Perspectives: Actions Speak Louder Than Words

It’s easy to talk about the power of promotional products but it’s more important when you use them to promote your own business.

The reason branded merchandise works so well for promoting a distributor’s services is the same reason why it works well for all kinds of businesses: promotional products stand out in today’s crowded marketplace. And when you put your own branded product in a potential client’s hands, it tells the client you trust and use the advertising medium you are recommending for them.

I recently posted a conversation starter on PPAI’s Promo Connect and heard from distributors about the strategies and successes behind their self-promo efforts. Christina Conley, key accounts manager at Show Your Logo in Oswego, Illinois, told me she uses self-promos monthly, sometimes weekly, and likes to pick items that are different, trendy or useful. She’s now using paring knives, velvet can coolies and lip balm (the latter was imprinted with variable numbering to enter a raffle and got an 85-percent response rate). She also gives imprinted pens to restaurants, dog groomers, dry cleaners and the like. “That pen will change hands 17 times and I have gotten lots of new business,” she says. “No doubt the local competition has signed their charge slip with one of my pens.” She targets small groups of industry-specific accounts, prospective customers and people she hasn’t heard from in a while. She also gives out thank-you gifts and referral gifts. “I pump up the enthusiasm with emails that some ‘fun mail’ is coming their way. I monitor who ‘wakes up’ after a mailing, who says thank you and who orders. If a campaign works, I use it on a different group,” she says.

Jae Rang, MAS, principal at JAE Associates Ltd., in Oakville, Ontario, says she’s very strategic about using self-promos, but they don’t always go as planned. For example, her company agreed to sponsor a ladies’ invitational golf event and created a contest, prize and a series of signs reflecting the event’s tropical theme. Her artwork had flamingos and palm trees with the tag line: “Your Marketing Edge in Any Climate.” Unfortunately, through a series of actions beyond her control, golfers didn’t see Jae’s signs, and the logoed tins of mints she had provided went unserved. It was a disastrous $800 spend but Jae’s save was brilliant. She repurposed the artwork and tag line to invite customers to Client Day at September’s Promotional Product Association of Canada National Convention. She and her team created t-shirt-shaped screen cloths imprinted with the tropical artwork, the show invitation and the tag line and mailed them to 100 local clients. Then, she took the same artwork, added a polar bear and snow, and worked with supplier Chocolate Chocolate to create a custom trio card that includes three foil-wrapped chocolate bars. She mails about 250 of these branded treats every year to clients, favorite suppliers and others (I’m a lucky recipient, too!). “Given that our market includes Canada, the U.S., Bermuda and the Caribbean, the double meaning of  “Your Marketing Edge in Any Climate” couldn’t be more appropriate,” she says.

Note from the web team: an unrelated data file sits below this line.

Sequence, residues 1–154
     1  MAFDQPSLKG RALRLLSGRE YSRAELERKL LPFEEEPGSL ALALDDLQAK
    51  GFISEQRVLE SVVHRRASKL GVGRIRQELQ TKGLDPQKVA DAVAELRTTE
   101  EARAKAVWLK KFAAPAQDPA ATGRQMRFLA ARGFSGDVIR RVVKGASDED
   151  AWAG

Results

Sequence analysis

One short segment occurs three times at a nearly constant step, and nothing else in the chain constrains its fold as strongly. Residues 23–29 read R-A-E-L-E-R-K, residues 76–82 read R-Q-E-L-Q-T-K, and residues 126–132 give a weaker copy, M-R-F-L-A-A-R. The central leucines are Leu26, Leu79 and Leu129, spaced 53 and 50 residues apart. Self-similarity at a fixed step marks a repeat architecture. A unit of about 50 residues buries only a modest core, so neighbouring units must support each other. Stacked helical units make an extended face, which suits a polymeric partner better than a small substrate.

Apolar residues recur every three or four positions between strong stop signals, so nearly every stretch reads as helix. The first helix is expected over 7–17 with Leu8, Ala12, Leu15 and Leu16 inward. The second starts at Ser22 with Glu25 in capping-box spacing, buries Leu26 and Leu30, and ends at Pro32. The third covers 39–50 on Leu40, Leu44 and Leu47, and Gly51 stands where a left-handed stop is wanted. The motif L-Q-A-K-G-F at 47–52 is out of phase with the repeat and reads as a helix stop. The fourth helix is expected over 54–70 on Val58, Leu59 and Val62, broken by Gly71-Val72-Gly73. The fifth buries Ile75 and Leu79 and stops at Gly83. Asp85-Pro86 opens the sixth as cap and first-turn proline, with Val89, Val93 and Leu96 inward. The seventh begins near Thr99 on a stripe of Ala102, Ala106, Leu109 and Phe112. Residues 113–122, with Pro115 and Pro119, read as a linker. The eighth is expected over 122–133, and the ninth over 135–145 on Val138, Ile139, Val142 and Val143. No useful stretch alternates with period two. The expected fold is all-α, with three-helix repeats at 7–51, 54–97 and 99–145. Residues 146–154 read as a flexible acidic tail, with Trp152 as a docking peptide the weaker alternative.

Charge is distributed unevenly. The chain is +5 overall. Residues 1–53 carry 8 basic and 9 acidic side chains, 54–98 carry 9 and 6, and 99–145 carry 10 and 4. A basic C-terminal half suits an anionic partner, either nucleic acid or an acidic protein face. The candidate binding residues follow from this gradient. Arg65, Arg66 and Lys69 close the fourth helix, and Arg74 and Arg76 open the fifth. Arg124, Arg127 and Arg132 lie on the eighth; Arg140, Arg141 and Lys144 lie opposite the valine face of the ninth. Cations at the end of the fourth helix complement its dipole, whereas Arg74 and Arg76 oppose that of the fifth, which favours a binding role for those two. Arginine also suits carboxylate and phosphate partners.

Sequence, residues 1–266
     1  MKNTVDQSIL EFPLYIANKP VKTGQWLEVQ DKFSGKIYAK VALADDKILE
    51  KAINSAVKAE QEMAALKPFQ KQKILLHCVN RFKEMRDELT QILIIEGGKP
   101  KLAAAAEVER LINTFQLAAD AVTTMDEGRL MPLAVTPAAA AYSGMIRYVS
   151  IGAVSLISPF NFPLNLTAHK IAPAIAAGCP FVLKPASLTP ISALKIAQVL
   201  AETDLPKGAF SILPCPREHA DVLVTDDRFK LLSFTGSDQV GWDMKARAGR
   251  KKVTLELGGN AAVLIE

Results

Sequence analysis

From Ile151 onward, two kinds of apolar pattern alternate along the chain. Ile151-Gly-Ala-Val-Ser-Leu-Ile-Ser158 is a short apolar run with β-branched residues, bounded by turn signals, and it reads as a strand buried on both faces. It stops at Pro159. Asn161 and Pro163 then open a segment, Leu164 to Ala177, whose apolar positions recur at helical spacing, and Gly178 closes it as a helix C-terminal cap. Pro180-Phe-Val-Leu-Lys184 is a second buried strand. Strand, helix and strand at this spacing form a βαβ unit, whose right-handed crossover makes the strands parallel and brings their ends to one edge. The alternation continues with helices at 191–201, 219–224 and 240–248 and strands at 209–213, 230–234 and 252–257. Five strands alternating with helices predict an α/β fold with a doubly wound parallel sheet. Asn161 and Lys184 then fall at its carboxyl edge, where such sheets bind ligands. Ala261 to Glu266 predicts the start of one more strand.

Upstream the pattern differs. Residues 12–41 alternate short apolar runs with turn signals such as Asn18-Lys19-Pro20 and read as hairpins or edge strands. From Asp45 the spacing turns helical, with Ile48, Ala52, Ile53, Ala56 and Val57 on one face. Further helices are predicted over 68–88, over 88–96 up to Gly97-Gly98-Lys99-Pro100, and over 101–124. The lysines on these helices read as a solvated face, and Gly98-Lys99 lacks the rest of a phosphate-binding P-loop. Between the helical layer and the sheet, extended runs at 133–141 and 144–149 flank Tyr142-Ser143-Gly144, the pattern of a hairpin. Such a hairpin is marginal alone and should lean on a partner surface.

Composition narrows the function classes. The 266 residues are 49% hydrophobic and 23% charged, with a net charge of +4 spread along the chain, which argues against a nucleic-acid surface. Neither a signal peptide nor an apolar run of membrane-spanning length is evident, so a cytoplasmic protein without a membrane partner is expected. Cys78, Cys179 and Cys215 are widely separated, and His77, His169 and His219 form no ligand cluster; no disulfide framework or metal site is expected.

Jedd Parker, president of Rain City Promotions in Seattle, Washington, also believes in being strategic and in using high-quality items that are on-trend or expected to be. Instead of doing mass mailings, he targets those clients he’s trying to make a statement with: those who have ordered recently and show great promise, those who continually support the company or those who appear to be a good fit and for whom they could do a good job. “We are not shy about spending for unique and useful quality products, so we are prudent about where we send those,” he says. This strategy has paid off with many orders received as a result. “But more importantly, we think we validate for new or existing customers why they chose us as a vendor,” he says, adding that his office receives calls or emails from recipients saying they get a lot of self-promo items but the ones from Rain City Promotions are appreciated, kept and used because of their high-quality and high-perceived value.

Choosing the right product is, of course, the key to success. Maria Healy, CEO of Kreative Marketing, Inc. in Neptune Beach, Florida, told me about a recent self-promo sent primarily to her largest customer, a worldwide financial institution. She chose a reusable stainless straw kit engraved with her company logo and packaged in nice suede bags that were also logoed. The kits were shipped to all client branches and departments along with their apparel catalog and a flyer with a 10-percent-off coupon. “We got a huge response and a lot of new branches/departments of this financial institutions are now using us for their corporate apparel,” she says.

So next time you are thinking about how to promote your company to clients and prospects, remember the power of promotional products—and what that decision says about your company.


Tina Berres Filipski is editor of PPB. 

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